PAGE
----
The Fresh Loaf

News & Information for Amateur Bakers and Artisan Bread Enthusiasts

Irish Soda Bread-yellow color, not nice smell or taste.

Dean_01's picture
Dean_01

Irish Soda Bread-yellow color, not nice smell or taste.

Hi there,

 

I have been baking with a dutch oven type pan (cast iron, good sized casserole dish with lid),  i have been making Irish soda bread traditional.

My first attempt was decent  (using buttermilk, white plain flower,salt, bicarb. soda) just could of done with a little longer in the oven for a better crust.  My second attempt was where the problem occurred.  I used a substitute buttermilk, it was  the milk and juice of lemon 2 table spoons to 500ml of milk.  This time i made sure it was cooked for long enough, 30 minutes with lid on and around 15 minutes with lid off this produced what i think a lovely looking loaf with a nice crust to it.   I was so looking forward to trying it.

 

So when i got up this morning, coffee on the go i broke a chunk off...low and behold the bread looked a strange color....it had a yellow tinge to it.  i smelled it and it just didn't seem quite nice.  i had a little taste and it didn't taste quite right either so i binned it unhappily... any suggestions would be greatly appreciated thank you.

 

(p.s just as i write this i have done another soda bread, this time i used sour cream as a substitute with a little milk added as it was too thick.  Again bread looks great, had it in even longer this time proper good crust, i will wait till it cools down properly before i look inside it).

Update, again bread came out of the cast iron pot looking lovely, nice thick crust on it.  Unfortunately that yellow tinge was there again and it didn't taste right, not as bad as the other one but it is still there...Only thing i can deduce from these 2 failed attempts is that it is the lack of buttermilk that is the problem? rather than using alternatives.

 

Dean.

 

 

Sean McFarlane's picture
Sean McFarlane

Any particular reason you want to replace the buttermilk?

Buttermilk is what makes Irish soda bread what it is...the fresher the better.

 

Dean_01's picture
Dean_01

I totaly agree, unfortunately its hard to get hold of where i am.  Only reason i was trying to find a substitute :)

big supermarkets stock it but there a good few miles off, local markets don't stock it.

 

 

Thanks for reply.

 

Dean

 

 

 

Ford's picture
Ford

I make my own buttermilk. I buy cultured buttermilk use about half, then take fresh milk (whole, 2% bf, 1% bf, or skim) adding about 1/2 tspn unflavored gelatin for each cup and scald it (190°F+. 88°C+). Cool the milk to about 80°F (27°C) and add it to the remaining buttermilk. Allow the culture to ferment at room temperature and refrigerate when finished.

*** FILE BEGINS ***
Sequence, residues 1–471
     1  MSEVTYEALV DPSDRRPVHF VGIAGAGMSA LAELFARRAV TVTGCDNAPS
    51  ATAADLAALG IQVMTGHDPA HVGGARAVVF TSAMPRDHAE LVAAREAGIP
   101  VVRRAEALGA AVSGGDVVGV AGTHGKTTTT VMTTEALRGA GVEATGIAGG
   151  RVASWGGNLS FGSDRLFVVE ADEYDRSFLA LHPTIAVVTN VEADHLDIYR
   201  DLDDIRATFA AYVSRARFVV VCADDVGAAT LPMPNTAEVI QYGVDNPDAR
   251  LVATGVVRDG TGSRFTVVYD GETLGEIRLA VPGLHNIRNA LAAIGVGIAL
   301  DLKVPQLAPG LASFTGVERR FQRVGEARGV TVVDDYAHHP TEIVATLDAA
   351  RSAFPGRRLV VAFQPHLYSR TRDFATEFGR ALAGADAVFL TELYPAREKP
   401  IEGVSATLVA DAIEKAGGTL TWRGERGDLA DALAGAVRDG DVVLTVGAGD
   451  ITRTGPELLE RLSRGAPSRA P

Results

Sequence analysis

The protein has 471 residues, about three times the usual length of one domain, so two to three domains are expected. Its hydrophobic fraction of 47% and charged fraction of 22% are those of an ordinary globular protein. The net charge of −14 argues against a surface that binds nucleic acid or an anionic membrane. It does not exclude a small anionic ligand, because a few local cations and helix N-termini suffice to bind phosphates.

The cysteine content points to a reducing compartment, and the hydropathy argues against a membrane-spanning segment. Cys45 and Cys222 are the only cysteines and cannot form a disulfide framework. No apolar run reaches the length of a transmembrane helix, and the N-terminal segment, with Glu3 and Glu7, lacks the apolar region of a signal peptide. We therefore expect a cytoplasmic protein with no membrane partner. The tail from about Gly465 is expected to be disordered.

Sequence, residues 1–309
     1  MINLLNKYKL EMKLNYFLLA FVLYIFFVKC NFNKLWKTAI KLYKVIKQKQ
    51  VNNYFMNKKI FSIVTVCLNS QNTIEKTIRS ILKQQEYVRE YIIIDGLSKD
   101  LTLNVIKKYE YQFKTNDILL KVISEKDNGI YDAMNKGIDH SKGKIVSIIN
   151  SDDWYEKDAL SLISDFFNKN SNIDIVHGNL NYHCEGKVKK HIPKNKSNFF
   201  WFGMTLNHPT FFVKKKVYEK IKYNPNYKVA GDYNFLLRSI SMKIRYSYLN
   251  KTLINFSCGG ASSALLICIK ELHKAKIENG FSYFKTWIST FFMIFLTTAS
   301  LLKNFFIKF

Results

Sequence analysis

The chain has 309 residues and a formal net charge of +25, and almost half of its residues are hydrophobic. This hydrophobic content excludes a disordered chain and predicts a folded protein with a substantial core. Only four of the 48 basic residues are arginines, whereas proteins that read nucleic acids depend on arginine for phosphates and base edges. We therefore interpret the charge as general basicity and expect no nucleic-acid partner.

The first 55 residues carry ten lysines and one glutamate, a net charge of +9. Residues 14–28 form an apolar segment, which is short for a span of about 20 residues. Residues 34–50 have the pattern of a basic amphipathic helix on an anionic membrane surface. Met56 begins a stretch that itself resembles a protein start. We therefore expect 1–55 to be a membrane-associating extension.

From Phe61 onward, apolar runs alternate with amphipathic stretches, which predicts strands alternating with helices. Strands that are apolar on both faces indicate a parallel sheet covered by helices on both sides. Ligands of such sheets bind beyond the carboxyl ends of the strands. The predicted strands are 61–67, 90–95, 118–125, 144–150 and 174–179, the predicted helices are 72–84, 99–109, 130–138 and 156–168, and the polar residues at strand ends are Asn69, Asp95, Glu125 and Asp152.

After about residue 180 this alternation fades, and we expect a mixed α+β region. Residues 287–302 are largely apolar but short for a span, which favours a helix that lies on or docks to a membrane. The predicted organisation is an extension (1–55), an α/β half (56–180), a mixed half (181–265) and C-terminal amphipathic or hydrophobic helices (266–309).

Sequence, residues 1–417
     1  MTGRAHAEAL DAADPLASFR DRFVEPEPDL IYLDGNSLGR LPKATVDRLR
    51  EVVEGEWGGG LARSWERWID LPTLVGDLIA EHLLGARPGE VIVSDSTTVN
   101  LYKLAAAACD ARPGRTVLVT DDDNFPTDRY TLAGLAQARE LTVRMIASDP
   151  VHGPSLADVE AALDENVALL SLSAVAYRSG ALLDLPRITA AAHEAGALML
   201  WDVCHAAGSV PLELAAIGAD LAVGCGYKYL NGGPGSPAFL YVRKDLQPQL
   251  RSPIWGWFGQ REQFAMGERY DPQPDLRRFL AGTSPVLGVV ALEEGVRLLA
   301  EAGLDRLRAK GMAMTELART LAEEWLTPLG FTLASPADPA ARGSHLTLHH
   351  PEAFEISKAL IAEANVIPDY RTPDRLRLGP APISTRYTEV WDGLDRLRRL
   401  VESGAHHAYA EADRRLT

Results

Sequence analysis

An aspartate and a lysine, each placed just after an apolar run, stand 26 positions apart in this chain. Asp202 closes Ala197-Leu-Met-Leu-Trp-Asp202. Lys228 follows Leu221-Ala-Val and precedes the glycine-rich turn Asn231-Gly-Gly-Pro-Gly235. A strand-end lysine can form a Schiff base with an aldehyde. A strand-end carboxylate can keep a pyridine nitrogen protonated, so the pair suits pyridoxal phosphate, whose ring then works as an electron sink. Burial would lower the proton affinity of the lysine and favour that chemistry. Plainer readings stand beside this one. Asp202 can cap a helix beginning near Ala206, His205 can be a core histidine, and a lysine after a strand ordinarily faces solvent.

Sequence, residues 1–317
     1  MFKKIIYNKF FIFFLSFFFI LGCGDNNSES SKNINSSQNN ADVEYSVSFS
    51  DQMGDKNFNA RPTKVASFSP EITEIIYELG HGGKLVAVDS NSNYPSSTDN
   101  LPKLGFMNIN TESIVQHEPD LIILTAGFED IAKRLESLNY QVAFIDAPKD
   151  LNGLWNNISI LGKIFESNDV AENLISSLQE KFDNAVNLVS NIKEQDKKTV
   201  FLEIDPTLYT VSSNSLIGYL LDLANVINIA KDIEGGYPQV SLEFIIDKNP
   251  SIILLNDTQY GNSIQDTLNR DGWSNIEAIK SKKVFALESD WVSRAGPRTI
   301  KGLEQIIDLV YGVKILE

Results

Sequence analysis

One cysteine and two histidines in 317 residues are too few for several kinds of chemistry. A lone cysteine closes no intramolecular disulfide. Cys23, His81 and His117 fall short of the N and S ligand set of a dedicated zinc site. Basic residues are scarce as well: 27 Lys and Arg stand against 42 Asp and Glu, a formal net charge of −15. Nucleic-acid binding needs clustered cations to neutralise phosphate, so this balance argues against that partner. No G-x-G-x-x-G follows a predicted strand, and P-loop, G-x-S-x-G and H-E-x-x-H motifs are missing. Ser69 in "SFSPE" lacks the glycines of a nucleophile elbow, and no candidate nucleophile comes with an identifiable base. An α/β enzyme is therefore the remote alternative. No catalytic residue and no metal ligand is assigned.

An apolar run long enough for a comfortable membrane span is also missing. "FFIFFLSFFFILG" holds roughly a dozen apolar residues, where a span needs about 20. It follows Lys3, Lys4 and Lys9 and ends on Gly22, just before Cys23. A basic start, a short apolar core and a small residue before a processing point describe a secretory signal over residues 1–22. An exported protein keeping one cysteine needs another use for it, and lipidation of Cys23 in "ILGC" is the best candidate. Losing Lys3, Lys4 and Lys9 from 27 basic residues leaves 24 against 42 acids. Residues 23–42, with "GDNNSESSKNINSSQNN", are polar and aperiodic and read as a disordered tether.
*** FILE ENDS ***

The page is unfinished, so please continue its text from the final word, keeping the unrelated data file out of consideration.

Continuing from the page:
Repeat as many times as you wish. You will always have buttermilk at home. The gelatin is just to keep the milk solids from coagulating and separating from the whey.

Ford

Dean_01's picture
Dean_01

That would solve the problem for sure, atleast the shortage of buttermilk anyway :).   How long would i leave it for to ferment?

 

Thank you for that.

 

Dean

 

 

Ford's picture
Ford

I leave mine at room temperature, 65-72°F, overnight, about 10 hours.

Ford

Dean_01's picture
Dean_01

Thats great thanks i will do that once i get some more buttermilk :)

iGav's picture
iGav

I make soda breadfairly regularly and have always found natural yoghurt to be a perfect substitute. 

 

Alternatively, I have heard about mixing milk with cream of tartar but I can't attest to how successful it might be

Dean_01's picture
Dean_01

thanks for that, i am going to try a bit of a mix.  Home made buttermilk from a batch of butter i made for the first time :), also some natural yogurt.

 

its a 50/50 mix. i have done.....ok also a little milk as i had mis calculated how much liquid would be needed ;p.

 

Dean_01's picture
Dean_01

Ok, little update.

 

I again tried to make the soda bread, this time was a mix of home made butter milk, yogurt (50/50). and a dash of milk.

It turned out like the others just not as bad.  Crust was perfect, inside was not.

 

i can only asume that either the milk spoiled it or its just that i need to buy the butter milk and replenish it as was stated on another post....

 

ah well :)

 

Dean.

 

 

Caite's picture
Caite

Sadly, our buttermilk is nothing like Irish buttermilk. So, I came up with a recipe using some buttermilk and plain yogurt as well. Both baking soda and baking powder, bit of salt...bit of sugar.

Dean_01's picture
Dean_01

interesting mix :), i am trying allsorts today hehe. couple of failed atempts i am hoping this next mixer of yogurt and home made buttermilk might do the trick.

 

Dean.

 

dabrownman's picture
dabrownman

fail at making soda bread it is a family catastrophe not soon forgotten.  They usually substitute about 3 cups of Jameson's, possibly more,  right away and call it a day - and I would know a little something about that :-)

Dean_01's picture
Dean_01

Ha the three cups of Jameson's sounds good :~)

 

Dean_01's picture
Dean_01

Thanks for the replies i will try the yogurt one :).  I made some butter earlier and i got some buttermilk from it.  only got around half a pint like. how about a fresh buttermilk and a little yogurt?. as i don't think i will have enough of the buttermilk for correct consistency :)